Think about all the ways you can move your arm — above, behind, to the side, and in front of your body. All of this movement is dependent upon a healthy shoulder joint. The flexibility needed in this ball-and-socket joint places your shoulder at high risk of injury and instability.
The first step in repairing an injured shoulder is usually rehabilitative measures, such as physical therapy. This treatment might be successful, or it may just prove that the injury is too severe and surgery is needed.
Here are five of the most common surgical interventions for shoulders that orthopedic surgeon J. Michael Bennett, MD, performs.
Rotator cuff repair is one of the most common shoulder surgeries performed today. It’s used to identify the damaged portion of your rotator cuff, and then clean and reattach the torn or injured tendons. There are two surgical approaches used to repair rotator cuff tears:
The method Dr. Bennett chooses depends on the severity and location of the damage.
The traditional or open approach requires a surgical incision that’s several inches long, allowing Dr. Bennett to repair the rotator cuff. Dr. Bennett can also fix your rotator cuff through an arthroscopic approach, in which he makes small incisions and performs the repair work with the assistance of cameras.
During this procedure, Dr. Bennett removes your natural ball and socket shoulder joint and replaces it with an artificial ball made of metal and a plastic socket. Total shoulder replacements are performed for advanced arthritis or complex fractures and injuries in which other surgical techniques aren’t likely to be successful.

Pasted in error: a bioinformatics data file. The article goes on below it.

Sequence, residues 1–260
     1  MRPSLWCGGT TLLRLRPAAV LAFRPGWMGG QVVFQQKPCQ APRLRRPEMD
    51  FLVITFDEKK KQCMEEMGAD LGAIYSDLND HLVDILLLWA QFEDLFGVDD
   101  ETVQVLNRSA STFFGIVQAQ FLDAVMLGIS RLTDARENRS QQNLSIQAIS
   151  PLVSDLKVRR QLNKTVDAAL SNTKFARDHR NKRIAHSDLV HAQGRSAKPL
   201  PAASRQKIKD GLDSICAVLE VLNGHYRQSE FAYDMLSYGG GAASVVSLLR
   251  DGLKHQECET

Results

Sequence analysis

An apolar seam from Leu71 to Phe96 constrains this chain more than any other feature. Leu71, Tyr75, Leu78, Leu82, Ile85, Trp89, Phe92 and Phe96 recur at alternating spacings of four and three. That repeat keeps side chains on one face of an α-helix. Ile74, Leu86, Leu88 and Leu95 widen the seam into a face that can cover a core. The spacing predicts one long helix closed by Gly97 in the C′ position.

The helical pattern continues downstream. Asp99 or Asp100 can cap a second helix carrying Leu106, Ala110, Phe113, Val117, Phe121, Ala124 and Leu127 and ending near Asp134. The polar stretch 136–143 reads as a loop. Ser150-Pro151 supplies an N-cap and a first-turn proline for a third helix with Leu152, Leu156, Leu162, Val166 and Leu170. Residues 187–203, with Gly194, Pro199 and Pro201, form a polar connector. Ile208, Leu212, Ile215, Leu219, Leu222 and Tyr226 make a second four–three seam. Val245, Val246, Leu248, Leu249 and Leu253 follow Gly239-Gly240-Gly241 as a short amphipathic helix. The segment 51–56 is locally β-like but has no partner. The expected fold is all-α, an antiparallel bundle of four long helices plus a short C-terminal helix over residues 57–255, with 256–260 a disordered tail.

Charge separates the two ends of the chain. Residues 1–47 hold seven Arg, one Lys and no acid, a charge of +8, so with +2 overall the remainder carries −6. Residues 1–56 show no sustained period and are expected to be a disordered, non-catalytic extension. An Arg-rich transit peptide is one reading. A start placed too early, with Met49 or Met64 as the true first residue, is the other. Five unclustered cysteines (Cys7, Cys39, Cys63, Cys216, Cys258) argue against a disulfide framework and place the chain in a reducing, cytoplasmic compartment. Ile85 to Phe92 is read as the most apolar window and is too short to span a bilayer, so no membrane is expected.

Adhesive capsulitis, also called frozen shoulder, causes stiffness and pain in the joint, and will eventually make the shoulder hard to move. This condition is most common in people between 40 and 60 years old and is more common in women.
During surgery, Dr. Bennett’s goal is to stretch and release stiffness in the joint capsule. He cuts through tight portions of the capsule using pencil-sized instruments that he places inside your shoulder through small incisions. While you’re under anesthesia, he may also manipulate the shoulder, or force it to move, in an attempt to loosen the capsule and scar tissue.
The acromioclavicular (AC) joint is where the collarbone and the shoulder bone meet. It’s called the AC joint because the part of the shoulder blade that touches the collarbone is known as the acromion. Conditions in the AC joint include fractures, separations, and arthritis.
If non-surgical treatments fail, Dr. Bennett might recommend surgery to remove the end of the collarbone. He does the repair through several small incisions using an arthroscope.
Most patients go home in a sling on the same day as the surgery. Full recovery varies from one patient to the next, but most patients are back to full activity in about three months.
Impingement syndrome is sometimes called bursitis or rotator cuff tendonitis. It happens when the tendons of your rotator cuff are trapped on and off, and they are compressed when you move, which causes damage to the tendons and bursa (cushions) in the joint space.
To correct impingement syndrome, Dr. Bennett performs a procedure known as subacromial decompression, which aims to increase the space between the acromion and the rotator cuff. He might also remove the bursa to create more space so the rotator cuff can glide with movement and not get pinched.
No matter what’s going on inside your shoulder, if you need surgery, Dr. Bennett can help. Give one of our three offices a call today or book online for your consultation.